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Lethbridge Herald Newspaper Archives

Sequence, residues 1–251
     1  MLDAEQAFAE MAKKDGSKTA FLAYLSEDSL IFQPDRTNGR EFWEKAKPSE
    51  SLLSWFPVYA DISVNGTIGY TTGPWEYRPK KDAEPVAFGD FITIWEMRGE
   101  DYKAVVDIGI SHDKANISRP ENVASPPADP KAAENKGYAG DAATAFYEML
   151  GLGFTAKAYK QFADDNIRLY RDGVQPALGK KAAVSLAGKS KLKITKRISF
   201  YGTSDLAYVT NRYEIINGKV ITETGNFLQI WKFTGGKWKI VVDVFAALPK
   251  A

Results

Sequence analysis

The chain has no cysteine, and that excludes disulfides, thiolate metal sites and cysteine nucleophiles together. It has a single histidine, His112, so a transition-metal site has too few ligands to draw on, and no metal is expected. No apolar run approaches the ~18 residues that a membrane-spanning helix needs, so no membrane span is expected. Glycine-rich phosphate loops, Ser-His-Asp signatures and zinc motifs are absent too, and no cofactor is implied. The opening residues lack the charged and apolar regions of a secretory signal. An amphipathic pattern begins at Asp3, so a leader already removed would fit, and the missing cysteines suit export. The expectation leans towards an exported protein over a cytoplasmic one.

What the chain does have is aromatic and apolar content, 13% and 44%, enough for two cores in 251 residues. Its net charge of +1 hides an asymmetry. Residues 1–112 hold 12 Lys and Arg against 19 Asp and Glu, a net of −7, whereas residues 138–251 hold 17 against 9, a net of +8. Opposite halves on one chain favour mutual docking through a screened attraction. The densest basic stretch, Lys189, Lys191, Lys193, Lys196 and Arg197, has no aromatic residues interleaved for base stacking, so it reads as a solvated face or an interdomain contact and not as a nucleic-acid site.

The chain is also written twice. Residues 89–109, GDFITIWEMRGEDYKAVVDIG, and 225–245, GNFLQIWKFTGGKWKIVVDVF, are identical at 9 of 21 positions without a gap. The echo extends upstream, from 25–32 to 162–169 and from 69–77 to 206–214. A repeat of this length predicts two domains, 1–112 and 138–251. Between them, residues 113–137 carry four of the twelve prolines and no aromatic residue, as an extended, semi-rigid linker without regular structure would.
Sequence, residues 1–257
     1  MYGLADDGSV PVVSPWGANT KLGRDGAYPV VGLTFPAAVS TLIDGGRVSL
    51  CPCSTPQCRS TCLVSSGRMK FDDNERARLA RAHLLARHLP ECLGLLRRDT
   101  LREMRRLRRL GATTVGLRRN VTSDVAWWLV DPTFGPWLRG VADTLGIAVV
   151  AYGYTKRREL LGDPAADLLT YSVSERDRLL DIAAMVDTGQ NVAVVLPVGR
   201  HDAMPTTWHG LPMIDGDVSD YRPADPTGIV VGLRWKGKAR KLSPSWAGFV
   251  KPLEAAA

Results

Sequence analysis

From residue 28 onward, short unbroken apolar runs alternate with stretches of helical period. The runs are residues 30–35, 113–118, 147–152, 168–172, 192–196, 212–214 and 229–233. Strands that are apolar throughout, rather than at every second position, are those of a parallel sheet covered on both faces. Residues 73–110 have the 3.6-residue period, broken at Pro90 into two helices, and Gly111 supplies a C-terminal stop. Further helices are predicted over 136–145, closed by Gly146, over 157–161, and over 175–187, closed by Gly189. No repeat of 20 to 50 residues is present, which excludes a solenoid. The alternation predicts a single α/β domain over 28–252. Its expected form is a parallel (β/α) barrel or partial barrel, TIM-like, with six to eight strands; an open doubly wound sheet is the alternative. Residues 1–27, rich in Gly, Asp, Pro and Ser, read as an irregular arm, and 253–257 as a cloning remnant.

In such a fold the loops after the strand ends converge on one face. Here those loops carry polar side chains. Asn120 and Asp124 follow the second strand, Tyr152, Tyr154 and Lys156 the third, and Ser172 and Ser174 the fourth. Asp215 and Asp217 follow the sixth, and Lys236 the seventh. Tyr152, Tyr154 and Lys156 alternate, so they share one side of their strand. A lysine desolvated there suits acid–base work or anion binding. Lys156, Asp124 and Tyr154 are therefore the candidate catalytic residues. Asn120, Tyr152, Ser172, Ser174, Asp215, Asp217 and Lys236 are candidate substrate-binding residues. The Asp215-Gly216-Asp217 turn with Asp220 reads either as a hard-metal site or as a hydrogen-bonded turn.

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Lethbridge Herald, The (Newspaper) - July 21, 1971, Lethbridge, Alberta CLOUDY- FORECAST HIGH THURSDAY 80-85. The Letkbtidge Herald VOL. LXIV No. 187 LETHBRIDGE, ALBERTA, WEDNESDAY, JULY 21, 1971 PRICE NOT OVER 10 CENTS TWO SECTIONS 28 PAGES Attendance goes down drain gets go-ahead Rajn nUfS crimp Construction of the Henderson George Naoum, manager of I I in fair program ROAD TRASH It doesn't look like much when spread out along 176 yards of highway, but when collected and put in a pile the amount of trash seems to grow. Students Norvpl Dunfee, Peler Underwood and John Grace of Dalhousie University ore making a survey of litter in Cana- dian ditches and found the most junk along a stretch of Alberta highway between Medicine Hot ond Fort Macleod. See story page 10. Police issue Nixon craves warrant reputation as peacemaker WASHINGTON (CP) After President Nixon Had pre-empted prime-time national television to tell the world of his plan to visit Peking, he went with friends to a favorite restaurant to celebrate with a fine meal, a bottle of wine. Never in his presidency had he seemed more re- laxed, pleased with himself. And well he might. For with the bombshell revela- tion of adviser Henry Kissinger's secret mission to Pe- king, Nixon in a few sentences had stunned the Rus- sians and the Democrats and rallied to himself broad, bi-partisan support at home and abroad. He had promised to go to more. He hadn't promised sensational results. But the visit it- self, which will hold him in the forefront of world at- tention when he goes, some time before next May of election year, can't help but be politically beneficial, It was a moment to be savored. Except for the shrinking "Chum lobby" and the shaken representa- tives of Nationalist China, it seemed the whole world- even light wingers such as California G'ov. Ronald inspired by Nixon's shrewdness. Prom- inent Democrats notably Senator Edward showered Nixon with praises as though he were a Democrat. The tiling Niton craves most, it is said, is a repu- tation as a statesman, a peacemaker. He had taken x giant step; it seemed his political stock in 1972 could only be elevated by the development. Still, some a already speculating that naybc Nixon celebrated too soon. The bigger they come the harder they fall, the theory goes, and if Nixon builds world expectations for peace IK will suffer most if the world is once again disap- pointed. Hecent American history is full of warnings that even long-prepared summit conferences fall far short of expectations. In this context, the Nixon administration has al- ready forcefully sought to dispel an impression grow- ing in Congress that the president's plan to visit China would hasten a settlement of the Vietnam war. Even (hough Nixon promises nothing, the world will expect something. It's inevitable. And, if he doesn't produce that which he didn't promise, his mission will be stamped a failure and his stature diminished be- fore the November, 1972 election. STE. MARTHE, Que. (CP) Pob'ce have issued a warrant for the arrest of Michel Joly, 24, in connection with the slaying last weekend of two young girls who were out blueberry-picking. Meanwhile, two teen-age girls reported missing Tuesday night from a Laurential summer camp were found early today hitchhiking along Hie express- way to Montreal. Sandy Fox, 13, and Cathy Harris, 14, told police they were on their way home. The girls were placed in Gt. Michel camp by a welfare agency. Joly and another unidentified man are wanted in connection with the shooting deaths of Car- ole Marchand, 13, and Chantal Cote. 12. Their bodies were found in a wooded area four miles north of their homes in Cap de la Madeleine, 90 miles northeast of Montreal. Both had been shot in the head, and an autopsy showed that the older girl had been sex- ually assaulted before being killed. Construction of the Henderson ice centre was approved by city council Tuesday, and initial work on the facility could begin today. At a special meeting Tuesday night, council accepted tbe low- est bid of by Parkins Construction Ltd, of Edmonton. Aid. Vera Ferguson stood alone in opposing the resolution. Council also was told that the major ice arena, to replace the arena destroyed by fire in March, could not be built before the fall or winter of 1973. It was originally hoped a new arena would be ready for use by late 1B72. Aid. Vaughan Hembroff and Deputy Major Rex Little both stated the big arena would not b e ready before 1973. Aid. Hembroff raised the matter while speaking against a propo- sal to delete certain items from the Henderson faculty to reduce costs. "It's worth the extra he said, noting that the Hender- son centre would have to be used for two seasons for Sugar Kings hockey games, until the big arena is ready. Aid. Ferguson refused to vole for the Henderson centre be- cause she said council was "be- ing rushed into it." She suggest- ed it stiould be built for less than as originally estimated before tenders were opened, "The building will cost the tendered Aid. Hembroff said. "Anyone who thinks it can be built cheaper is a damn fool." "Are you referring to me as a damn Aid. Ferguson shot back. "No, not at Aid. Hem- broff said. The tendered price should be reduced about by the deletion of two items in the original proposal, including substitution of wire fencing for plexiglass shields at the end of the rink. Deputy Mayor Little raised the possibility of awarding the contract to Boychuk Construc- tion (Sask.) Ltd., a local firm whose bid was just higher than the Parkins' bid, but mem- bers of council felt the practice of accepting the lowest tender shculd be observed. Electrocuted George Naoum, manager of the Cambrian Group, the con- sulting firm handling the pro- ject for the city, urged approval so work could get underway. He said later initial work could be- gin today. The project should be completed by the end of Oc- tober, he said. Montreal target of air strike MONTREAL (CP) Tlie tar- get ol the second 24-hour strike against Aii1 Canada by its me- chanics and ground personnel is Montreal International Air- port. A spokesman lor the Interna- tional Association of Machinists made the announcement just two hours before the scheduled 4 p.m- starting time for the walkout. Air Canada said it planned to operate all flights in and out of the city as usual. "We feel vr can do it this a spokesman said. "We have enough supervisory and management personnel to be able to handle the situation." The union's first 24-hour strike hit Toronto last Saturday and caused the cancellation of 52 of 119 scheduled flights. The airline sent additional supervi- sory personnel to Toronto from other points but there was not enough to maintain full opera- tions. "We learned our lesson from that the airline spokes- man said. "This time we are confident we have enough peo- ple." CONSIDER OFFER The walkout was called as union and management negotia- tors were still considering a "fair and equitable settlement" of their contract differences, proposed to them by a three- man team of federal mediators. The contract package was presented to the bargainers ear- lier Wednesday with the sugges- tion that they take it or leave it. No alterations would be consi- dered. Bernard Wilson, assistant deputy labor minister and chief mediator in the talks, told re- porters: "I can't go into any detail ex- cept to say the proposals have been presented as a package. "We now are waiting for the parties to make up their It they don't accept, this media- tion will be completed. How- ever, if both parties asked us to do something else, we would have to do it. "I wish to emphasize that this is a package proposal presented lo them for acceptance as a whole, not in part." 'They, say lie's in here every night damage in Vulcan fire VULCAN Tues- day night destroyed an Alberta Wheat Pool double grain eleva- tor here causing an estimated damage. The fire, believed started by lightning, was noticed about a.m. Wednesday. Vulcan's two fire trucks and 20 fire- fighters were joined by three other trucks and another 20 firefighters from Arrowwood, Milo and Champion. The elevator contained bushels of grain which were spilled on the spur line, block- ing it. Other lines are open. The three quarters of an inch of rain which accom- panied the lightning storm helped keep the fire from spreading to nearby elevators. The fire was brought under control about this morn- ing. Clean up arrangements were made early. The Alberta Wheat Pool is expected to rebuild on the same location. ECKV1LLE (CP) Lyle Ed- ward Weikum, 23, of the Eck- ville district, was electrocuted when he fell from a barn he was pain'ing onto a power line. 20 liCl'SOllS CUB Eckville is 90 miles southwest J of Edmonton. Arab anger mounts at King Hussein in derailment Alberta election rumors still rife MUELLHEIM. West Germany (Reuter) At least 20 persons were killed and 50 injured today when an express train bound from, Basil, Switzerland, to Karlsruhe, West Germany, was derailed on an embankment near here. Two brothers will HANNA (CP) Nils and Elais Elasson, brothers who farmed in the short-grass region of eastern Al- Ijcrla for nearly 50 years have left more than to six district organizations. "They were very reserved, no show-offs, said estate executor Adolph Tone. "They didn't take an active part in the community. The two bachelors were respected by neighbors as hard workers in an area which sometimes gives meagre returns despite great cfforl. They emigrated from Norway in and stayed a short time in North Dakota before taking up mixed farming and ranching nbout 120 miles northeast of Calgai-y. Tlwy retired in 1958 and moved into town. This spring Nils died at ago 80 and less than two months later Elins, also died. Their combined estates totalled of which wns sent to relatives in Norway. The remainder went to UK community associations on the condition the money be spent only to assist lire area. Beneficiaries are: Salvation Army, Ilanna General Hospital, Hannn Public Library, Ilanna Association for Mentally Retarded Children, Heel Cross and the Palllscr Nursing Homo In Hannn. EDMONON (CP) Pre- mier Harry Strom announced Tuesday a Social Credit caucus meeting Aug. 3 for members of the legislature and candidates for the next provincial general election. "At the moment it's still a Mr. Strom said when asked if the meeting would ho of caucus or election candi- dates. When the legislature is dis- solved to make way for an elec- tion all seats held by MLA's automatically become vacant. The Social Credit government has a mandate until May, 1972, although Ihe party in the past has called elections about every fom- years. Provincial govern- ments can hold office for five No inquest into death of cowboy CALGARY (CP) An in- quest will not be held info the death of 19 year cowboy Uod Glass High River who was killed July M at lire Cal- gary Stampede. Earlier reports i n dicalcd Ihrre would be an inquest, tint, a spokesman for cioronor M. Waddell said yester- day that was not the case. Glass, an outrider during tlio chuckwagon races, was thrown from his horse when it became involved in a collision of two wagons. Ho was apparently trampled by following horses nntf died of internal injuries. The accident investigat- ed by city polico and Stampcdo Vflclab. years from an election. Runiors persist that Premier Strom will call the election this year, although there has been no firm indication from the government. Police search for escapee FORT SASKATCHEWAN (CP) Police said today they aw searching for John Joseph Cardinal, 16. who escaped Tues- day from the Fort Saskatche- wan Correctional Institute, 10 miles northeast of Edmonton. Trudeau won't go to Peking next month OTTAWA (CP) prime MM- Doubles gasoline mileage ister Trudeau has no plans to------------------------------------------------------- visit China next month, hut he may Uke a vacation after a tour of the Atlantic region, start- ing July 30. A spokesman for the prime minister's office was comment- ing on reports that Mr. Trudeau planned to visit Peking in Au- gust. Fie said the China visit was By THE ASSOCIATED PRESS The Arab chorus of outrage at Jordan's suppression of the Pal- estinian Arab guerrillas mounted today, but King Hus- sein appeared to have elimi- nated for the time being at least, the commandos' threat to his throne, Egyp' endorsed Libya's call for an Arab summit meeting to support the guerrillas, announc- ing that President Anwar Sadat was sending a personal envoy to Damascus with the foreign min- ister of Saudi Arabia to confer with Syrian President Hafez Assad. Syria charged (he Jordanians with shelling Syrian border posts. Radio Damascus said Syria would "take whatever measures are needed to support the Palestinian commando movement." Iraq, which closed its border wi'.h Jordan early this week and ordered its ambassador home from Amman, asked Hussein to withdraw his ambassador from Baghdad. Kuwait and Lebanon wel- comed Libya's call for an Arab summit, as did guerrilla chief- tain Yasser Arafat, directing what appeared to be his forces' last stand in Jordan from the Syrian border town of Deraa. The guerrilla radio in Baghdad said much more than a summit conference was needed. "You must close the borders, por'.s and airports to it told Libyan strongman Muam- mar Kadafi. The official Jordanian news- paper Al Rai reported today that the government was de- porting 397 guerrillas to Syria and that another 311 had been sent to Syria and Iraq Tuesday. Pelting rainstorms, complete with high winds, thunder and lightning, turned the Whoop-Up Days grounds Tuesday night into a morass of puddles up to six inches deep with deep mud along the midway. The storm, estimated unof- ficially at dropping half an inch of ram on the Lethbridge Ex- hibition Grounds, and ending a 92 degree heat wave, turned families into instant sprinting teams as they headed for closed- over exhibits and eating facili- ties. The grandstand stage show, set to start at 8 p.m., got as far as the opening drum roll when the storm struck. The en- tire 90 minute program and the fireworks were subsequent- ly cancelled. TICKETS EXCHANGED The exhibition board an- nounced all tickets for Tues- day's show could be exchanged this morning for tickets to to- night's show or to the rodeo programs. The three night stage pro- duction concludes t o n i got. Rodeo takes over at the grand- stand for the next three nights. At least one exhibit in the Youth a rama Building was flooded out. Many games and exhibits closed early. The Ka- leidarts Building was opened after its usual closing time to accommodate patrons seeking shelter. Attendance for Tuesday was down to compared to the 1970 figure of The over all attendance for the first two days is short 574 of last year's admissions, al- though rains were also heavy for the second day in 1970. KIDS GET BREAK The exhibition board also an- nounced Tuesday (hat a second Children's Day will be held Friday, replacing the formerly scheduled Livestock Day. A second day is being held because of the lateness of the Thomas Shows Inc., who oper- ate the midway, in getting rides up early on Monday. The board was to meet today to decide if another children's grandstand show would be held Friday morning. The controversial "thab'do- mide children" show was aK lowed to remain open after board officials visited the Flor- ida based exhibit and decided complaints that the show was "repulsive" wore not warrant- ed. The board indicated if there is wholesale public reaction against the exlubit, it will be asked to close up Today is Citizens' Day. Secret locked in garage still under consideration. Seen and heard About town II SjCOTTISII VISITORS Jean and Agnes Peal feeling light at home when Ihe hand pbycrl Scotland Ihe Brave in Ihe Whoop-Up Days parade Clirr.vl Whitnry, four, sur- priscr) In find her stop-father occupying her swimming pool during heat wave .lanirs Unmar wondering why ho is plagued by an unwanted pigeon. AflSIIT WOMEN LONDON (API Members of the all male Ixmdon Press Chili have decided lo let women Join, BOWMANVILLE, Ont. (CP) Art Stackaruk has a little se- cret locked in his garage which he says will double an automo- bile's gasoline mileage, reduce auto emissions by 80 per cent, ensure longer engine parn him million. About all he will say about his secret is that it involves modifi- cations to an automobile's igni- tion system, engine and car- buretor. He has modified a 1965 Ford Fairlane, with six cylinders and lias taken elaborate security precautions with the vehicle. It is locked in the garage in this community eight miles cast cf Oshawa and is wired KO whenever the hood is raised, thn horn will sound. lie is afraid to drive Ihe car because "someone is apt to steal it froii: and he is scared to patent his invention "because that would let out my secret." Tile two major North Ameri- can car manufacturers whom he talked (o about purchasing Ihe idea arc not. inlrrc.slcd un- less it is patented or they arc allowed lo examine the modifi- cations before making a com- mitment, he says. S100 A COPY Mr. Stackaruk believes his million is going to come from the sale of books within the next month, for each, outlining the modifications. He would not send out any books until enough money has been collected. The money would lx> kept in a trust fund until he realized enough to make it worthwhile to release (lie information. If enough cash was not received, he would re- turn the money, he says. "If I don't, sell it, nothing is lost and nothing is gained. At least I've got the peace of mind of knowing it's possible and I've done it. This isn't my livelihood, just my hobby." The 45-year-old automobile re- pairman and used-car dealer says his method involves modi- fication to the ignition system to allow two spark plug firings per at 120 pounds per square inch pressure and a sec- ond at 15 per square inch. There also are carburetor and motor changes, including a fine hole drilled in tbe but everything would cost under to do, he says. He says his modified car has run between 41 and 51.7 miles on one gallon of gasoline. ATTENDANCE FIGURES Exhibition program WEDNESDAY 5.00 Qually at beer garden fasl'- ion show Travel- ling People at beer garden Show close at ex- hibition grounds; exhibits close. closes THURSDAY grounds open open opens, beer garden opens; Youtharama cof- fee house opens racing and pari-mutuel belting youth creation specta- cular; Taber Pol- ka Band at beer garden p.m.i-Chuckwagon races and rtdeo close nt ex- hibition grounds; exhibits close day day day day Previous Record Monday 13.2SO Tuesday Wednesday Thursday 1G.740 Friday Saturday........... This year's total attendance (issn) (1909) (1970) (I9MI (IMG) 1970 1971 Six-day record atlcndaaco U070) Struck by car FOX CREEK (CP) Jac- queline Slcinkc. 5, of Fox Creek wns killed when struck by a car near her home. Police said slie was crossing n road between two parked cars, Fox Ciwk is Ho miles northwest of Edmonton. ;